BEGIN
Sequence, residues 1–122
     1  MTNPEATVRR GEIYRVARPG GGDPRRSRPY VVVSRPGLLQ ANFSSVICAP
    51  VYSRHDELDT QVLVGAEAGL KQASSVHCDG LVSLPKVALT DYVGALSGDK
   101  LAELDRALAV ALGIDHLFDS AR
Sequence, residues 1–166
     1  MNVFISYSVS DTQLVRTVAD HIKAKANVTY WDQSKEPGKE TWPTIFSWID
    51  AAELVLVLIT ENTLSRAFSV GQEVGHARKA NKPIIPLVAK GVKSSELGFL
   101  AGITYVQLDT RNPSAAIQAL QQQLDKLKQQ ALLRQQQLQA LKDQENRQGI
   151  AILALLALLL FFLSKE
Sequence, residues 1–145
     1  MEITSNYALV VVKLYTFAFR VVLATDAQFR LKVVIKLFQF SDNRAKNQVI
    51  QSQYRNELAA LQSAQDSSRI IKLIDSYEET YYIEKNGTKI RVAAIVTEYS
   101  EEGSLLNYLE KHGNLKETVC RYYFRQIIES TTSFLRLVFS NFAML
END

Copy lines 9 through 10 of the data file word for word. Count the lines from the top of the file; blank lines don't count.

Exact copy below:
   151  AILALLALLL FFLSKE
Sequence, residues 1–145